"The festival is important from the standpoint of sustainable tourism development in
the Arctic and the Far East. The very fact that we are holding such events in
Chukotka — one of the most unusual regions of Russia — and the interest
expressed by travel companies and residents of the Arctic regions, confirms the
high potential of the Russian North. Thanks to the development of air links and
tourist routes, these territories are becoming more accessible, the investment
appeal of the Arctic is growing, and the quality of life among local residents,
including indigenous peoples, is improving," says Gadzhimagomed Huseynov,
Russia's First Deputy Minister for the Development of the Far East and Arctic.
'The Bering Strait International Festival gathered tourism enthusiasts in the easternmost region of our homeland. Ensuring sustainable socio-economic development of the Arctic areas and creating comfortable conditions for the locals remains our priority. The Bering Strait Festival contributes a lot to these efforts. It provides an introduction to the traditional culture of people living in the region, including indigenous peoples, and the unique nature of the Far North,' said Nikolay Korchunov, Chairman of the Senior Officials Committee of the Arctic Council and Ambassador-at-Large of the Russian Foreign Ministry.
The business programme of the Bering Strait Festival addressed the issues of developing the tourism industry in the Russian North, as well as sustainable tourism development and infrastructure improvement. The central event was the "Tourism in the Arctic: advanced development" plenary session. Its participants, including heads of relevant organisations and representatives of the Ministry of the Russian Federation for the Development of the Far East and the Arctic, discussed prospects for meeting the demand of Russian citizens for domestic tourism, the effect of preferential economic regimes in the Arctic, as well as the development of air traffic.
Also, as part of the festival's business programme, four discussions were held, covering other Arctic tourism development aspects. The experts discussed ethno-cultural, environmental and extreme tourism, issues of involving the locals in the hospitality industry, and the best practices in organizing Arctic travel.
'As the global climate changes, the polar ice is melting. The polar zone's value keeps increasing in strategic, economic, scientific, technical, environmental, transport, resource and other aspects. As Chair of the Arctic Council, Russia is making great efforts to promote the use of the North Sea Route, environmental protection and sustainability in the region. This festival is an important event as part of these efforts,' stated Chinese Consul General in Vladivostok Piao Yangfan.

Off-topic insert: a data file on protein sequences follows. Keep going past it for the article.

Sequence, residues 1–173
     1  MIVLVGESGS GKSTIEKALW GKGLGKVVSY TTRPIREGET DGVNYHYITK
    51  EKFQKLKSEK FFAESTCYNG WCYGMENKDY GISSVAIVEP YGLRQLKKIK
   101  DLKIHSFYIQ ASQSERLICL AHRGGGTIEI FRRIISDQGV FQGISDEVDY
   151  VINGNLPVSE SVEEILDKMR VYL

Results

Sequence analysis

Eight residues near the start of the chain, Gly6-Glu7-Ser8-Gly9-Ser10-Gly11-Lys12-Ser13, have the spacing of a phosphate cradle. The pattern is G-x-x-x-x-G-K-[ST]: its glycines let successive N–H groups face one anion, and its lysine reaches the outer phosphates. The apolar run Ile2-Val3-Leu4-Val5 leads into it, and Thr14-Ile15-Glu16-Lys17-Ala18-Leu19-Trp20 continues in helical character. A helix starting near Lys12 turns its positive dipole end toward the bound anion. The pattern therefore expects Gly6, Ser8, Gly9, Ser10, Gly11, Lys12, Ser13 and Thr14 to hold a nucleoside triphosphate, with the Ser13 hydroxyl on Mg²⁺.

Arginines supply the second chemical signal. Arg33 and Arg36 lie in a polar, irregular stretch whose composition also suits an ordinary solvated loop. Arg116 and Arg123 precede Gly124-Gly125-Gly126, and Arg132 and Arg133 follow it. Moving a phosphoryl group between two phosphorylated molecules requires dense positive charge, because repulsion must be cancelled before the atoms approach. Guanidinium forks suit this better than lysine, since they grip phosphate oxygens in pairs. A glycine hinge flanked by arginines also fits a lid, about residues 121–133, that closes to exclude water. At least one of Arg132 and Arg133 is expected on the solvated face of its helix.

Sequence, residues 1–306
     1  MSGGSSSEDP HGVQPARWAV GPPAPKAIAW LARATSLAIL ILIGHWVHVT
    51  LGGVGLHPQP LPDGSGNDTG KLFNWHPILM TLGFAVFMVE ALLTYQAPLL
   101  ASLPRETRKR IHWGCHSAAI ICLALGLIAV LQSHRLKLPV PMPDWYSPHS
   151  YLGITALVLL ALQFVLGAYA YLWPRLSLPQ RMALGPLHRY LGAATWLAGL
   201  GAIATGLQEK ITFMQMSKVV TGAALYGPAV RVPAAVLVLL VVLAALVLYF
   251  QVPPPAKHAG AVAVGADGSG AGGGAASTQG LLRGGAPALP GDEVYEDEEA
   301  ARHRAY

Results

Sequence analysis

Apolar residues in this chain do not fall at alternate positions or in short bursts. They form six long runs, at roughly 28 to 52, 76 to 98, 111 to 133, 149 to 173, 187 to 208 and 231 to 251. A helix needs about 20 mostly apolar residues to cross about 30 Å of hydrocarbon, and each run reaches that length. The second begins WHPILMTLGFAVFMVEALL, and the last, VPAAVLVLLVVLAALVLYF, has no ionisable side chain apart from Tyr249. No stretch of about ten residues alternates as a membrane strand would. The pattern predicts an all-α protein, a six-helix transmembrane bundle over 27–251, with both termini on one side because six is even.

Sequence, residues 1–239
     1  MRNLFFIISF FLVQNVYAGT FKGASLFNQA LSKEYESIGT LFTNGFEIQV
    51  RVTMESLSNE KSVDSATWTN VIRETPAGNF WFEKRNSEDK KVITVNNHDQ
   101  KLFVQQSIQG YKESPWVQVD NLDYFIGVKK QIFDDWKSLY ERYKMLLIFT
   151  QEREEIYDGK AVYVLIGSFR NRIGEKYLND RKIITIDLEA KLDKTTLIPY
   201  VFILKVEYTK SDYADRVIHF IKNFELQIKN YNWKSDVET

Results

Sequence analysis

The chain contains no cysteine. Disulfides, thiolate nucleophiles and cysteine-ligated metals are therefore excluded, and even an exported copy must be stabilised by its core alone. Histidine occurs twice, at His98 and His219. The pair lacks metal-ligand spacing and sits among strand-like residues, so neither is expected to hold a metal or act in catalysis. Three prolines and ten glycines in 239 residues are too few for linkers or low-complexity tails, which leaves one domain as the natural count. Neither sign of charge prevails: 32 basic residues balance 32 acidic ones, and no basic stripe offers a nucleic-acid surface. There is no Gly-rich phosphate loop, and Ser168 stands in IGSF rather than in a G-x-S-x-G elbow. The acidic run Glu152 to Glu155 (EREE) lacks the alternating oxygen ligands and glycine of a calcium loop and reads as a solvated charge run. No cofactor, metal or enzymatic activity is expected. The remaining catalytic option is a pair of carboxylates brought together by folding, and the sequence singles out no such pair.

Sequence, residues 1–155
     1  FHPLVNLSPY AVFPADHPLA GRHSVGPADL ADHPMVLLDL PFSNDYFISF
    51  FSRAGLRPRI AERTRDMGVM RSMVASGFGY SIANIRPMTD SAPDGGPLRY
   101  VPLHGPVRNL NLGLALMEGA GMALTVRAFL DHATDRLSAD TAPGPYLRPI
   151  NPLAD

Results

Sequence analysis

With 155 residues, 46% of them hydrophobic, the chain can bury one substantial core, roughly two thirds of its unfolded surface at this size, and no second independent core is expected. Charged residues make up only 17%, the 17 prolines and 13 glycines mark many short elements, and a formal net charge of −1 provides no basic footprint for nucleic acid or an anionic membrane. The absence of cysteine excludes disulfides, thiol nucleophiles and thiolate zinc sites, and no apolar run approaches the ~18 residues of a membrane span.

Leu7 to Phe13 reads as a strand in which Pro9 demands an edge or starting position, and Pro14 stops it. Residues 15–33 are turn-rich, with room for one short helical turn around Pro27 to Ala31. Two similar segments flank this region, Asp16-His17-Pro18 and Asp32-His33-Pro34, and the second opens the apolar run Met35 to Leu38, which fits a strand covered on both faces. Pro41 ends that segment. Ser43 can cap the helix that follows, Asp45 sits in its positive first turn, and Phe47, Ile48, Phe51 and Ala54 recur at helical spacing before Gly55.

As part of the festival, Beringian Games, a competition among the indigenous peoples of the Arctic, were held. Teams from nine subjects within the Russian Arctic zone took part in them. 33 participants competed in seven traditional Northern sports, including triple jumps, tug-of-war with a pole, and single-foot high kicks. The team event was won by representatives of the Republic of Sakha (Yakutia). The second and third places were taken by athletes from the Chukotka Autonomous Area and the Krasnoyarsk Territory, respectively. The main purpose of the Games is to involve people living in the Russian Arctic zone in regular exercise and sports, popularise traditional sports of indigenous peoples, as well as strengthen ties between the Russian Arctic regions.
The cultural programme of the festival included the Beringia 2022 sea hunters' regatta with races on traditional Chukchi kayaks among men's and women's teams, as well as events to celebrate the International Day of the World's Indigenous Peoples. Wrapping up the bill of cultural events, the participants installed the flags of the Bering Strait festival on the easternmost mainland point of Eurasia, Cape Dezhnyov. They went there as part of an expedition tour of the biggest tourist magnets in Chukotka.
The festival was organised by the Government of the Chukotka Autonomous Area and Rosturizm.
As part of its chairmanship of the Arctic Council in 2021-2023, Russia pays considerable attention to the development of sustainable tourism in the Arctic for the sake of progressive socio-economic development of the Arctic regions, support for small and medium-sized businesses in high latitudes, as well as the preservation and enlargement of the Northern indigenous peoples' cultural heritage.